Uganda: Busia Leaders Team Up to Address Sex Trade, Street Children
New Vision (Kampala)
23 January 2008
Posted to the web 24 January 2008
THE influx of Kenyan refugees following the election violence has fuelled sex trade among under age girls in the district.
The Ugandan girls aged between 11-18 years are a big attraction to many. "They charge as low sh500 for sex per hour," said a resident.
The looming sex trade coupled with the influx of street children has prompted the Government and Busia district leaders to seek solutions to avert what they described as "a looming crisis"
Busia district probation officer, Julius Ogalo said there are at least 400 street children in the municipality alone."Most of these street children are Karimojongs who come to engage in petty business and smuggling along the border," he said.
The district vice-chairperson, Sande Lwapande said; "We passed a by-law demanding that parents who don’t take their children to school are apprehended and prosecuted."
There was also another by-law banning the operation of video halls during daytime. "The law urged video halls to desist from allowing children from entering the halls but we need support from the district," said Michael Mungeni the Busia Town Council mayor .
He said the Police was not effectively enforcing the by-law, an act he called a very big challenge.
Kyateka Mondo, the assistant commissioner youth and children affairs in the Ministry of Gender, Labour and Social Development said: "These kids are so voilent, they can strike you at night. The girls work as maids in homes during day and resort to sex trade at night. "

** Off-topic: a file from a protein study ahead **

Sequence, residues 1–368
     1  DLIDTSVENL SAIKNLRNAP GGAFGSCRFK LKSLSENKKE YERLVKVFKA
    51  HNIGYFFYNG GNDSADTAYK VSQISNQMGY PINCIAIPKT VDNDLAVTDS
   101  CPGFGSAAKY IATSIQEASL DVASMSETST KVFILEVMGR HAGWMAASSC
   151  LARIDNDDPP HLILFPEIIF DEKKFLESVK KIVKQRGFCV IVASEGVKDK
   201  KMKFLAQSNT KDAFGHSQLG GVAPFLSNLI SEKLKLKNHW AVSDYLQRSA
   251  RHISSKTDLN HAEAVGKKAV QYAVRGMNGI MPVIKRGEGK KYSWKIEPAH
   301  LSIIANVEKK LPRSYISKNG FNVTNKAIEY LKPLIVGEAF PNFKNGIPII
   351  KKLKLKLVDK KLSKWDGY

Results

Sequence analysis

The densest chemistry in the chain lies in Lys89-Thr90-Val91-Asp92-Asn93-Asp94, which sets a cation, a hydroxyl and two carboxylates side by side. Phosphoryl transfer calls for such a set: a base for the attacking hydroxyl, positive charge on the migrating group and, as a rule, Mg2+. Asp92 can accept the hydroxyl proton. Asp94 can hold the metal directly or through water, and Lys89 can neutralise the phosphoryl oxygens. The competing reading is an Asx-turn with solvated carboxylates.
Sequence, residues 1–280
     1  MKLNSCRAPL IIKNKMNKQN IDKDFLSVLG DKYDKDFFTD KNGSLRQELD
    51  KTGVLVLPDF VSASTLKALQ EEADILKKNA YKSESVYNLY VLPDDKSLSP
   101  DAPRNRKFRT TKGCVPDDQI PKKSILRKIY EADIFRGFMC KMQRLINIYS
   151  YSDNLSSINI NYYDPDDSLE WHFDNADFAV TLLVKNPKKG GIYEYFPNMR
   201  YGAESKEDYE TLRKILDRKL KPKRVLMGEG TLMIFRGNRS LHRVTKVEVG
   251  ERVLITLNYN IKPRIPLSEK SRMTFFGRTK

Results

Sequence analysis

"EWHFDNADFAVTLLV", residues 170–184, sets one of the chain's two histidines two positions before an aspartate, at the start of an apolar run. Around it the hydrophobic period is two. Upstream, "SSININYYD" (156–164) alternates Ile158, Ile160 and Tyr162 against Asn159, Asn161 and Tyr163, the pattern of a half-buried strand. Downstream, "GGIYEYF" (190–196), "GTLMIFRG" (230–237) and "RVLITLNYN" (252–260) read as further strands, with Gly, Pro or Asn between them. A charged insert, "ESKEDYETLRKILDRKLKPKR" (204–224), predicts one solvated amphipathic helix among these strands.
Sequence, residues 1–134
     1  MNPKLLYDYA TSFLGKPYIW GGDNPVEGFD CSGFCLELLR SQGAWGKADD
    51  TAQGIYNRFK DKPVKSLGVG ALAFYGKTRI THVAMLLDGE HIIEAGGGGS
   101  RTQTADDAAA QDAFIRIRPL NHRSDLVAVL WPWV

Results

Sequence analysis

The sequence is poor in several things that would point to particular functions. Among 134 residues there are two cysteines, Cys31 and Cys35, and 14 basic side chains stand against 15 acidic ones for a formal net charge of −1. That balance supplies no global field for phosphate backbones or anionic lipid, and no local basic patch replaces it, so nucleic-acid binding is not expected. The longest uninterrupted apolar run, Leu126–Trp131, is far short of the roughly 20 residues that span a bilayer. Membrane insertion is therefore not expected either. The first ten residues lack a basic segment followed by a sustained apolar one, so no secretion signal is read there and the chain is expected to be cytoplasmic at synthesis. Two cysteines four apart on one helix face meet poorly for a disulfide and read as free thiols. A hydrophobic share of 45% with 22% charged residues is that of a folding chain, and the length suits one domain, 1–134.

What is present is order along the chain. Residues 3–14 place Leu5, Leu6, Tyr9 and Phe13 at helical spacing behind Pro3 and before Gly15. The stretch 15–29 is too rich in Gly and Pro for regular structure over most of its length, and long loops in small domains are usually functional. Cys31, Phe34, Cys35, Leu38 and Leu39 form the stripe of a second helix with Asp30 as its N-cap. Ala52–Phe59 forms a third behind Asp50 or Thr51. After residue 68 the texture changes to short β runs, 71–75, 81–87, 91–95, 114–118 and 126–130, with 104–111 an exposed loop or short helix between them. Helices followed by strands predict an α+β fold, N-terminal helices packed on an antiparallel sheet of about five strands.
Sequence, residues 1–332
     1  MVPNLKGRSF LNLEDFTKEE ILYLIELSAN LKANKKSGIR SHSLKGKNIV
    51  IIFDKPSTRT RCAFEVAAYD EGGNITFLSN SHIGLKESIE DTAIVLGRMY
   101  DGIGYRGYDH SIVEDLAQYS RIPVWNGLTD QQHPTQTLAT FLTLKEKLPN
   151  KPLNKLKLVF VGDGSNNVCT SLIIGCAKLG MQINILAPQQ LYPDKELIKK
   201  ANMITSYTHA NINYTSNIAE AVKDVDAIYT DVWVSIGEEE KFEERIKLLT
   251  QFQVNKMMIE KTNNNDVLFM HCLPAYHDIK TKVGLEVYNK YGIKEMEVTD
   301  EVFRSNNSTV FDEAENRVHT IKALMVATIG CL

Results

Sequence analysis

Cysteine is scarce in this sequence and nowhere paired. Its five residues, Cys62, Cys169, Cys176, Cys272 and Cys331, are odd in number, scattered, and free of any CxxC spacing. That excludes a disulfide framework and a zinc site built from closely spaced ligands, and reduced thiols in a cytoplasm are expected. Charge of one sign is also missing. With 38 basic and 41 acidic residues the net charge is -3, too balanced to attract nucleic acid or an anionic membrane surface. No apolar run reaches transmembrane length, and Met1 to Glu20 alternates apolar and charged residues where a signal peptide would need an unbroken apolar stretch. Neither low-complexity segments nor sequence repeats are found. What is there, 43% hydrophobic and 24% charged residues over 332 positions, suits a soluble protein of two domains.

"We need to address the problem from the root. Why is it that these children leave Karamoja?," he asked
Willie Otim, the commissioner for youth and children said "Street children are entitled to go to school, get adequate medical care and shelter. We need to handle these children before the situation gets out of hand. "
The deputy resident district commissioner, Emmily Akullu said her office would probe NGOs who thrive by pretending to look after the street kids.
The gender and labour minister Syda Bbumba, who met the district officials recently, urged the Police and local leaders to cooperate
"Why is it that the by-laws are not enforced? I know as politicians you fear to lose votes but remember once insecurity strikes, you will even lose more,"
The district Police chief, Amanya Isaac however said, all efforts to arrest criminals had been upset by sympathetic parents and community who defended the action of their children.
"How do people who rape, defile, rob, stab and even terrorise the Police, and be regarded as minors. We have reports that they even have guns and some are engaged in very serious crime," he said.
Amanya said although the community had jeopardised their efforts they were going to enforce the law."The law stipulates that any child above 12 years is liable for criminal prosecution."